Couples who live together have no automatic property rights in lifetime or on death unless they are married or in a civil partnership.
However, some people mistakenly think ‘common law marriage’ protects couples who live together after a specific time has passed. In reality, ‘common law marriage’ is a myth and the law often treats couples who live together as if they are strangers.
If a couple who live together split up, without a living together agreement, they cannot ask the courts to decide who should keep different possessions because of their status. Nor can they ask a court to order one partner to support the other financially. A partner who does not own a share of the home could find themselves homeless as a result.
Similarly, if one of them dies, the surviving partner can only inherit their property if the deceased partner named them in their Will. If they did not, the surviving partner will likely receive nothing except in limited circumstances.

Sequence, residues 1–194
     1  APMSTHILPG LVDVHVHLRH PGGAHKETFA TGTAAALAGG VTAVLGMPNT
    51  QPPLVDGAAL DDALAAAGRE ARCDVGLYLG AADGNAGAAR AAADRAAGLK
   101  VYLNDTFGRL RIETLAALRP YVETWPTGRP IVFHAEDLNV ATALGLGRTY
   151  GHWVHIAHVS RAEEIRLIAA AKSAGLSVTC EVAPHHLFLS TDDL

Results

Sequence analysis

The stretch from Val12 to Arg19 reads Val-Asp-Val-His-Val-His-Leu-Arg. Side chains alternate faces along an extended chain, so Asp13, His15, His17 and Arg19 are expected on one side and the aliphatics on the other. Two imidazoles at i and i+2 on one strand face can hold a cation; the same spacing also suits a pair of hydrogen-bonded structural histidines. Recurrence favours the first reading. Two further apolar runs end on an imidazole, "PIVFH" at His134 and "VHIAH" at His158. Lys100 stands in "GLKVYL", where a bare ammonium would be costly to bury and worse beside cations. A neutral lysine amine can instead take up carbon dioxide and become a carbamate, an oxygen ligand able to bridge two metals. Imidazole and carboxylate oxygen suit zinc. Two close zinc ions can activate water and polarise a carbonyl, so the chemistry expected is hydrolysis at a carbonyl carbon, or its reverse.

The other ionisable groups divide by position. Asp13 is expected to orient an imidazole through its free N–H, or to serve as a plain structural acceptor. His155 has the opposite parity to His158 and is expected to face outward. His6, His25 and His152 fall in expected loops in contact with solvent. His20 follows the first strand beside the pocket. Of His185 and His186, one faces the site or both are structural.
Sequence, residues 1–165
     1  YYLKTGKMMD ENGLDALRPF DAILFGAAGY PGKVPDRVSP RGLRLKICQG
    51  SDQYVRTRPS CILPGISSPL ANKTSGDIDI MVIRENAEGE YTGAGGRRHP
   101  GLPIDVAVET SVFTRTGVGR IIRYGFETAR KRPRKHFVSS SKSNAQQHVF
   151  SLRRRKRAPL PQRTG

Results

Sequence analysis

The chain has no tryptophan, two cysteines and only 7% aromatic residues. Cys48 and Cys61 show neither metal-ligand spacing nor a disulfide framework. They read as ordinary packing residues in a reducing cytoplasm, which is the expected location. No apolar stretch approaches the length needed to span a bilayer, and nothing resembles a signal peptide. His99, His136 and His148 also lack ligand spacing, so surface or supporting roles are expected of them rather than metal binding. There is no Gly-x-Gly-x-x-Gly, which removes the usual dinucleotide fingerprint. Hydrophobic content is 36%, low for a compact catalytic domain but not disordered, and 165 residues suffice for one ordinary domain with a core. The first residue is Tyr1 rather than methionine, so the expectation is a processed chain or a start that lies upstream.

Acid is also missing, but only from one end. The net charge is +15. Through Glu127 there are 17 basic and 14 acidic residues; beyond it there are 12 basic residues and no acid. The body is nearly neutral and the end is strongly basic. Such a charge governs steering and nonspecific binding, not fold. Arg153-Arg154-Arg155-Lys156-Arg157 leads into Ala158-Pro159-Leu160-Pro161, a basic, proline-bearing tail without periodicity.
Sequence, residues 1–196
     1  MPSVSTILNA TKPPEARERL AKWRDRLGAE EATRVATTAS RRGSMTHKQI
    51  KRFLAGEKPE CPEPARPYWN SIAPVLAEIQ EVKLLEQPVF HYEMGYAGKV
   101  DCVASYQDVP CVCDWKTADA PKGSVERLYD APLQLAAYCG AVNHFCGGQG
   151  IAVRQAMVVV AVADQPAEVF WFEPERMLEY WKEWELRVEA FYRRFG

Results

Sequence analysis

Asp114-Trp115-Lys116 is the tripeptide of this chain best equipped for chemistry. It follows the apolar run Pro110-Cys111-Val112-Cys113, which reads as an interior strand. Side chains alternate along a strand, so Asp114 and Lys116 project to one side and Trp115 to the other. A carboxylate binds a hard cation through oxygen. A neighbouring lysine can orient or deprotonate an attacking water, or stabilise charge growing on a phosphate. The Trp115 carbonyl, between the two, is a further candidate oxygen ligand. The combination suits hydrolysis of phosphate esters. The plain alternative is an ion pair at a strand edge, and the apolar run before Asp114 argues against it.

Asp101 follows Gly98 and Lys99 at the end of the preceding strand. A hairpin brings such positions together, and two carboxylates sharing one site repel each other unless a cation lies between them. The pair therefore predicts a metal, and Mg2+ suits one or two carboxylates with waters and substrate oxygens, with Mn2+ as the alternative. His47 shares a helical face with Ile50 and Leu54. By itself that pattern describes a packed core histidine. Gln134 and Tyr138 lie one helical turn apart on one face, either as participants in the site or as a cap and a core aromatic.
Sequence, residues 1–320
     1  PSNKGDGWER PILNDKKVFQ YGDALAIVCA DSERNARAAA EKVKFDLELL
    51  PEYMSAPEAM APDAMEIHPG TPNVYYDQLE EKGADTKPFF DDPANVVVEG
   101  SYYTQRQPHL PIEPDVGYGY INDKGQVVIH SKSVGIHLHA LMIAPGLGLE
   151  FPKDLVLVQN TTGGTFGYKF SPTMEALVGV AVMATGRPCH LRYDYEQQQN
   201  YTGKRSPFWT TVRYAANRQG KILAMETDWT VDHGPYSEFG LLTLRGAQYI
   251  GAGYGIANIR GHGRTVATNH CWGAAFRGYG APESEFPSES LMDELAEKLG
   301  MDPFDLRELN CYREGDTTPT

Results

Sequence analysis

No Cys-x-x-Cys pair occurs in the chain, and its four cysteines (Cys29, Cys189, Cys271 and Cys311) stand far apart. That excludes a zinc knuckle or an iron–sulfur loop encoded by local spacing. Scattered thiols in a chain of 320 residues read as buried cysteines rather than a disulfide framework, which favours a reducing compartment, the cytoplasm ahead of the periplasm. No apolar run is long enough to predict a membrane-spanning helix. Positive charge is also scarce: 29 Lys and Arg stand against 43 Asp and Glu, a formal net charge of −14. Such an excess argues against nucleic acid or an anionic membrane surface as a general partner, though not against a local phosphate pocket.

Likewise, the surviving partner cannot claim the Bereavement Support Payments that the government pays surviving spouses and civil partners. Siobhan McLaughlin from Northern Ireland brought a case to the Supreme Court earlier this year, challenging the decision to deny her benefit payments because she was not married to her late partner. The Supreme Court decided that the rules breached her human rights, but the government has not yet changed the law.
This problem has also affected several other families recently, including the family of a man from South Gloucestershire. Stacey lived with Matt for five years until he died in a car crash earlier this year. Their children are aged just two and four. Because Stacey and Matt were not married, Stacey cannot claim full Bereavement Support Payments. Instead, she is only entitled to benefits of £20 a week.
Stacey’s sister, Samantha, set up a petition that nearly 100,000 people have signed. It asks the government to give surviving partners the same benefits as surviving spouses and civil partners.
You can sign the petition here.
Contact us today for more information about how you can protect yourself if you live with your partner but you are not married or in a civil partnership.